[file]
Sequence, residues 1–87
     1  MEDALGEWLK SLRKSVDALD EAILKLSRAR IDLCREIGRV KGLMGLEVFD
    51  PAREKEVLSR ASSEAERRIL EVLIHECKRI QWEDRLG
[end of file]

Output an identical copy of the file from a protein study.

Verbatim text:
Sequence, residues 1–87
     1  MEDALGEWLK SLRKSVDALD EAILKLSRAR IDLCREIGRV KGLMGLEVFD
    51  PAREKEVLSR ASSEAERRIL EVLIHECKRI QWEDRLG